Pyongyang’s Take on the Beijing Model of Development: KCNA Files No. 11 and 12
Does Africa need a Marshall Plan? Western analysts nod in agreement. Developmental economists argue that significant investment in African business and infrastructure is necessary to get Africa on a path towards long-term economic development. While the U.S. has been focusing its resources on military ventures the Middle East and Central Asia, China has been busilyy pumping capital and building relationships in Africa. Although trend is no longer “breaking news” for most of the world, China’s investment push in Africa is getting substantial coverage by the KCNA. As revealed in KCNA File No. 11, the focus of the North Korean of the issue coverage is centered around a critique of the “neocolonialism” argument put forth by skeptics of China’s investment in Africa. As Evan Koepfler’s analysis indicates, North Korea’s view of China’s commercial activity in Africa is that investment by China is a net positive, because it produces progress in the region that is “real and tangible.” The KCNA’s counter-critique can be interpreted as a response to concerns that the DPRK’s high level of dependence on China for trade and investment puts into question its level of autonomy vis-a-vis China. As KCNA File No. 11 shows, there is indeed a desire by North Korea to “depict its own ties with China within a normal sphere of cooperation.” – S.C. Denney, Assistant Editor
Promoting Chinese Interests in Africa: Analysis of KCNA-China File No. 11, February 26 – March 3, 2012:
by Evan Koepfler, Pacific Lutheran University
With joint US and South Korean military exercises dominating the news published by KCNA this week, only six stories concerning China were posted. Although there were ample stories in the Chinese media voicing concern about US-ROK military exercises (as a simple scan of the daily tabloid National Defense Times / 国防时报 would indicate), KCNA did not make a single mention of China’s steady diet of press critique of South Korean defense policy.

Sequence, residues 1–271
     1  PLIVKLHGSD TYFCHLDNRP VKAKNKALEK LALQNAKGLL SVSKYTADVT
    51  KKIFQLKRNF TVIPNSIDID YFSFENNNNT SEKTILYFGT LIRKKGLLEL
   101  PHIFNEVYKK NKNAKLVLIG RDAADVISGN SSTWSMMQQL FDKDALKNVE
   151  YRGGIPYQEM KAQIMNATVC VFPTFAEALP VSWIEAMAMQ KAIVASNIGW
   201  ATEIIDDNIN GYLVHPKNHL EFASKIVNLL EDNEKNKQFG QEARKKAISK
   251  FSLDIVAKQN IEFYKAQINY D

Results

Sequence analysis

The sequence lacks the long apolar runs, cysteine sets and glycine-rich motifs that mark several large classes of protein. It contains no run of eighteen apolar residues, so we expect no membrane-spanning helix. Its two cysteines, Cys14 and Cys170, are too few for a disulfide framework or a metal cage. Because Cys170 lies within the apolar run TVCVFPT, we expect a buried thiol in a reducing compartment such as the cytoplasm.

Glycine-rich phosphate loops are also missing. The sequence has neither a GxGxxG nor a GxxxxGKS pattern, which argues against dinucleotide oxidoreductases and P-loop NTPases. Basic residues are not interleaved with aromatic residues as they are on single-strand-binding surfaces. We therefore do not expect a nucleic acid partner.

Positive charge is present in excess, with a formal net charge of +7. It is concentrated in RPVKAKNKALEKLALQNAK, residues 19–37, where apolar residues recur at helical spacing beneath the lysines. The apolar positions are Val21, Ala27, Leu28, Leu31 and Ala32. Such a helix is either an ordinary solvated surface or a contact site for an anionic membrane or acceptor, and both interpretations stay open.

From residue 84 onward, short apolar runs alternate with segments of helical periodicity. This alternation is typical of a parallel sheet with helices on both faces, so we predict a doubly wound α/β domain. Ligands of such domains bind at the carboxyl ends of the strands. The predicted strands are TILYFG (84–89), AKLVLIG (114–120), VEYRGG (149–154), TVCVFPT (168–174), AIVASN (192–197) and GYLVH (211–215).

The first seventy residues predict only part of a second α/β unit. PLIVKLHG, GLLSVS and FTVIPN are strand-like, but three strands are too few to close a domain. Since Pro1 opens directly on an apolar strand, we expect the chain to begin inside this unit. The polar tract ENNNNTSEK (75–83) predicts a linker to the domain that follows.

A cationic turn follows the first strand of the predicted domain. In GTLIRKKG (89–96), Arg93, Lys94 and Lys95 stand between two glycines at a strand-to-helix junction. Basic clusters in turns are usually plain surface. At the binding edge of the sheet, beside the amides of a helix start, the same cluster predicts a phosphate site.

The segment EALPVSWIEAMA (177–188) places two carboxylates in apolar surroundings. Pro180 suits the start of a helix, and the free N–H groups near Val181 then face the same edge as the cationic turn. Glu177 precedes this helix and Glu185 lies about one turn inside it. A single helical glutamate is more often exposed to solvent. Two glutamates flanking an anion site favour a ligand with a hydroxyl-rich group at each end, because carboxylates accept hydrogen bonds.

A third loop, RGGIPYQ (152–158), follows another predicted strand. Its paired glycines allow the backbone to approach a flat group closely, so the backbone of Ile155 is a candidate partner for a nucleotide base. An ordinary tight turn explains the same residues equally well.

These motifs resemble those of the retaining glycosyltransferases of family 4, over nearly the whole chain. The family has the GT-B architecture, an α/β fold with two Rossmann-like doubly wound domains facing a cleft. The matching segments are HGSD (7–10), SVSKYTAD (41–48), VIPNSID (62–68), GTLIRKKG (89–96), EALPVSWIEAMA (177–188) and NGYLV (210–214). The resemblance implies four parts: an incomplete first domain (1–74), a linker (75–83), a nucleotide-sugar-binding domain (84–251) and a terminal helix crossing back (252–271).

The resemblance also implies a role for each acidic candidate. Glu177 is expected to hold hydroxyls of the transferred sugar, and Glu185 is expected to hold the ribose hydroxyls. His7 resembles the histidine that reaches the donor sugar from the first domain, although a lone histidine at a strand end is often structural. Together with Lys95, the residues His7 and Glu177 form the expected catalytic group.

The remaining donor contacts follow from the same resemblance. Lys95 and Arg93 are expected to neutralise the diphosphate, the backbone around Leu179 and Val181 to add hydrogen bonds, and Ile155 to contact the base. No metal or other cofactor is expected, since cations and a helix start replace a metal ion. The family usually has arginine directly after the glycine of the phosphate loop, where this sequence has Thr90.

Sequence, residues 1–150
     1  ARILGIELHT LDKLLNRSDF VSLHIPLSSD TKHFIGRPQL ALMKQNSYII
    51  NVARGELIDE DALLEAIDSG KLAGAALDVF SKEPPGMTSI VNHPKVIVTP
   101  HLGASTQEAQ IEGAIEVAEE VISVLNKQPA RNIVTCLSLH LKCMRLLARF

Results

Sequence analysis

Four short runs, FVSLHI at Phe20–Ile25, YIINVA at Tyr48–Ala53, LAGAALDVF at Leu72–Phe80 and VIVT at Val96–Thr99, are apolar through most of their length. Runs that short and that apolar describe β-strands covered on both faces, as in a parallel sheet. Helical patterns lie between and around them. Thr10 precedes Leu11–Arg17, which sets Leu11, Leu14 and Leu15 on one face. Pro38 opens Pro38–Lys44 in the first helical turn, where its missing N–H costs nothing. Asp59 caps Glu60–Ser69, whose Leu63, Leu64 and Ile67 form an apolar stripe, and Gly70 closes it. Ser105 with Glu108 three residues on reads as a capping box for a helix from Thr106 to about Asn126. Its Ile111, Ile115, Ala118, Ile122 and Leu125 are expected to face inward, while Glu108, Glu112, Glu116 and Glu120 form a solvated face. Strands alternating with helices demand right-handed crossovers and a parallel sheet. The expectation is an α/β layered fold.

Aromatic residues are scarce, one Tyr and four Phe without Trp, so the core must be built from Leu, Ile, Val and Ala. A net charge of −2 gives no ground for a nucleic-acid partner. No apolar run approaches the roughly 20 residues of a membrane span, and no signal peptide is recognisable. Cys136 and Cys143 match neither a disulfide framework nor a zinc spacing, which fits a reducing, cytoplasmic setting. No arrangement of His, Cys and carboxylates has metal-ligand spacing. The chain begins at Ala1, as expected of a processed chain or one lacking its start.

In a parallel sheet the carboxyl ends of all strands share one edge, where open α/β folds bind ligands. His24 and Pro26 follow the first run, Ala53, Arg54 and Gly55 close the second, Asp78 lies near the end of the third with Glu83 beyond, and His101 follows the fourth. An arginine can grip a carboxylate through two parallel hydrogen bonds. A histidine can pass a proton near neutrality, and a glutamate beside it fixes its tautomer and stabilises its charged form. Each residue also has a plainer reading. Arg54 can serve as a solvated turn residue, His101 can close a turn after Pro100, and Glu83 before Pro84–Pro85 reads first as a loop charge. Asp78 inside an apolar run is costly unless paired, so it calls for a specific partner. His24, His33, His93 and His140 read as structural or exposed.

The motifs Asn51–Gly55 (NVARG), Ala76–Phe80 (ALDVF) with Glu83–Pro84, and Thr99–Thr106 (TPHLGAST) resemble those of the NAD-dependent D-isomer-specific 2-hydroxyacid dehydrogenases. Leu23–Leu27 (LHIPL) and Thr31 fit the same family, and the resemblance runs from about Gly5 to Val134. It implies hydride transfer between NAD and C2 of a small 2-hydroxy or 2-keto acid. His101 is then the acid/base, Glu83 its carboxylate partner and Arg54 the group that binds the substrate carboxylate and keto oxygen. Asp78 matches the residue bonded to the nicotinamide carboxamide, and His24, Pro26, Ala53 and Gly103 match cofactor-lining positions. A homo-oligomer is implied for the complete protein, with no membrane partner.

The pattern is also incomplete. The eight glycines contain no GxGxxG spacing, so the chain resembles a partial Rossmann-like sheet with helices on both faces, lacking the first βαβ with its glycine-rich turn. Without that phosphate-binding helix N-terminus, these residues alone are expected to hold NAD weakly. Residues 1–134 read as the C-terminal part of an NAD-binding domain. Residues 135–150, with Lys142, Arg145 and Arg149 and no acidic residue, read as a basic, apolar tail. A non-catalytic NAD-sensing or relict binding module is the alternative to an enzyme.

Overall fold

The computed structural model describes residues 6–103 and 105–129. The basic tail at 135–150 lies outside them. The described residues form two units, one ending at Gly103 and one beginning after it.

Likewise, there was no mention of the many pro-North Korean statements in the Chinese press on account of the February 29 agreement between the DPRK and the U.S. If China was responsible for mediating and cooling temperatures in East Asia, there was no sign of it in the North Korean press.
Instead, the perhaps most notable China feature in this week’s KCNA was the focus on the reaction of Koreans in China in their condemnation of the recent military exercises. The General Association of Koreans in China made a statement in response to these exercises saying, “we resolutely oppose large-scale exercises for a war against the DPRK being staged by the U.S. and South Korean warmongers.”
However, this opposition to large scale exercises and war against the DPRK is rendered a bit ironic, because just a day earlier, KCNA had published a story titled: DPRK Is Fully Ready for Dialogue and War: FM Spokesman which stated that the North Korean government is equally ready to launch into full scale war as they are to enter dialog to solve the issue.